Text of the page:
The Stills

by Luke Stiles

23 September 2003


I’ve been told there’s nothing like a showcase concert, and the coming out show thrown for the Stills by their new label, Vice Recordings, was my chance to find out. Upon arrival I was directed by the woman at the door to a very nice man with a very long list of names. So long that it had the potential to nearly fill the entire space. There were so many that the band had its own guy handling it. Then there was the free Red Stripe to ensure everyone had a good time. Now the Stills were good, but a little free beer never hurt anyone.

The Stills

3 Sep 2003: Sin-e — New York

After picking up a round of Jamaican goodness, I began to jockey for position in the crowd. After not having much success, I realized that there was plenty of room at the front of the room, by the stage, left by the chattering circles of my fellow guest listers. That’s when the whole thing began to remind me a little bit of high school. Which is kind of fitting, since musically the Stills remind me of high school. Mostly because their best songs are simple chord progressions with the lead guitarist usually not doing a whole lot more than playing the same chord as the rhythm guitarist, but higher and voiced differently. What can I say; I took music theory in high school. O.K., and they also remind me of high school because they reference bands that were all the rage with the eyeliner set when I was in high school. And I don’t mean those poor bastards copying Brett Michaels. Sonically, the Stills are fairly backward looking. But the beauty of hindsight is that it is 20/20, and the longer you wait the truer that becomes. You have the luxury of avoiding all the mistakes that seemed to mean so much at the time. And the Stills do. They take the best parts of moody bands like Echo and the Bunnymen and the Cure but rock more than any of those ever did when I saw them in high school.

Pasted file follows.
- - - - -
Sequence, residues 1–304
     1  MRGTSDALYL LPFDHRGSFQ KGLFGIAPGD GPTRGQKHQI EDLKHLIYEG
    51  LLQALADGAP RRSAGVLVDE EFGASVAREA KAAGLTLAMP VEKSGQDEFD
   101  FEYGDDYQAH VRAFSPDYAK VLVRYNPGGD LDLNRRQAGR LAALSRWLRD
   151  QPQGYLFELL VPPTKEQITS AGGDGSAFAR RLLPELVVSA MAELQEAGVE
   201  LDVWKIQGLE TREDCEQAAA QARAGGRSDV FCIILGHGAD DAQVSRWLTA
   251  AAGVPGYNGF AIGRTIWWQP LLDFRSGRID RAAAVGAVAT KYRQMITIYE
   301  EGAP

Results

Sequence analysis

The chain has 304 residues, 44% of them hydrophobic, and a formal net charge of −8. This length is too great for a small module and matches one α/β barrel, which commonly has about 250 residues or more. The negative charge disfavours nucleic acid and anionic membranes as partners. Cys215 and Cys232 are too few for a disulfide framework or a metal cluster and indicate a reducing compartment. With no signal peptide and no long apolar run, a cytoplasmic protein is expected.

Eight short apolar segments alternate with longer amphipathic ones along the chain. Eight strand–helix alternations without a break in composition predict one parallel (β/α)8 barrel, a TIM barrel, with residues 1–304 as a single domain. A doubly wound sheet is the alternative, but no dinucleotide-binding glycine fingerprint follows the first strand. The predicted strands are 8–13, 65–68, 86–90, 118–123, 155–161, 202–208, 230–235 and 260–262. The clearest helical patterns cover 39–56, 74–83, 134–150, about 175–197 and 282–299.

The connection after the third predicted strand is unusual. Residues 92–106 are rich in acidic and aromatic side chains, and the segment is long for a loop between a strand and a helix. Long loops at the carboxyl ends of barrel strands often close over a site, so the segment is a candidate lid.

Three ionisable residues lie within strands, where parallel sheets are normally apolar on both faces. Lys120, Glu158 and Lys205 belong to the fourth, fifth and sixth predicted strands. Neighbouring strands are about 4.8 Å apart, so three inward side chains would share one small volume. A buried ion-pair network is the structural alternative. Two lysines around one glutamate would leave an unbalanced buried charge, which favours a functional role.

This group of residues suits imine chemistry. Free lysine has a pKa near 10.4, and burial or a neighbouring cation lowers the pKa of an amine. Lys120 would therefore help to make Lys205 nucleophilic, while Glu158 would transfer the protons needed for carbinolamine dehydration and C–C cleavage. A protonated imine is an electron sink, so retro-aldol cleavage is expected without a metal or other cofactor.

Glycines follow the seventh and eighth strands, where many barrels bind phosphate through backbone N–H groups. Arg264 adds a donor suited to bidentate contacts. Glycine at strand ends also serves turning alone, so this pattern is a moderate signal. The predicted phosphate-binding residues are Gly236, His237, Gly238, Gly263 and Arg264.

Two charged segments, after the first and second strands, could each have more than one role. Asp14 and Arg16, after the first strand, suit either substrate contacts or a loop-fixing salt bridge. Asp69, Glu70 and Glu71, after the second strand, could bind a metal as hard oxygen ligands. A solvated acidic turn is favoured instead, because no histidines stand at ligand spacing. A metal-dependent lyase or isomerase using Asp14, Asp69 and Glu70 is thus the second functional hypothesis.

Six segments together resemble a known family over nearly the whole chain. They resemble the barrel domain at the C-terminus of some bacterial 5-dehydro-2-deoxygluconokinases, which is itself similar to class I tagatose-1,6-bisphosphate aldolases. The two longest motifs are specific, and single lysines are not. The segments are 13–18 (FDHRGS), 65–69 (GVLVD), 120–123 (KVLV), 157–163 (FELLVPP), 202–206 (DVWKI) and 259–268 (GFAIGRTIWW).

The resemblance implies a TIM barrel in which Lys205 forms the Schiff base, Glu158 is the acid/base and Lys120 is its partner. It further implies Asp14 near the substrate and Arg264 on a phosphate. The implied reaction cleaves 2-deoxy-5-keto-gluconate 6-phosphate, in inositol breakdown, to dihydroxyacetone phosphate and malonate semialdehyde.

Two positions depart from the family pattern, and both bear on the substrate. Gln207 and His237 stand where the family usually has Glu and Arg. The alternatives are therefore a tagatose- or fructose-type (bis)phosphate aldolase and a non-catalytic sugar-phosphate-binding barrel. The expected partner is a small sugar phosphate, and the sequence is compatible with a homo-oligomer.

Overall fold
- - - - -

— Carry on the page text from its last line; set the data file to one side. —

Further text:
After settling in near the edge of the stage, some guy started trying to get through. A little annoyed since there was plenty of room just behind me, I let him by. He started talking to someone standing near me, and then got on stage. Unrecognized by the crowd, Stills drummer Dave Hamelin had made his way to the stage through the crowd. Shortly, the rest of the band arrived on stage, and they opened with an energetic version of an older song, “Love and Death”. Refreshingly unapologetic for a group so clearly influenced by some of the drearier bands of the ‘80s. Maybe they do have a little in common with that other eyeliner set.

About halfway through their set, it was time for the soon-to-be-released album’s title track, “Logic Will Break Your Heart”. This is easily the most carefully crafted song on the new album, and also the most complex. Unfortunately it showed, and was one of the band’s few weak moments. Lead singer Tim Fletcher didn’t quite nail all the high notes, but to his credit managed to stay in tune in a rock and roll sort of way. And in true frontman fashion, Fletcher was responsible for the most touching event of the evening. When Fletcher broke a string on his guitar, he replaced it with…exactly the same guitar! Very nice to see such a sensible use of his advance.

The rest of the set, while not exactly riveting, was packed with one guitar-driven number after another and carried through very well. Helping this happen was lead guitarist Greg Paquet, who sounded great. But with about a dozen effects pedals, he had no excuse not to. Still, it was nice to see effective restraint despite having so many options; often too much processing turns out a mid-range mush that feeds back all night.

At the end of their set, the party was over. There was no more free beer and the concertgoers, most on the long guest list, filed out on to the street for cigarettes and schmoozing where scene movers and shakers were a bigger draw. As most attendees drifted off into the night towards the next event, almost forgotten, the Stills cooled down with a few friends and maybe even an errant fan.

On their new album, the Stills have moved beyond their humble roots of an asynchronous recording project and have showed glimmers of promise, that there might be some truly great songs yet to be written once they completely gel as a band. This show was the first in an intense tour schedule that will probably make or break them. I look forward to seeing them again after playing almost every night for a month and a half. I have faith that Fletcher will soon be hitting all the high notes.

Topics: the stills
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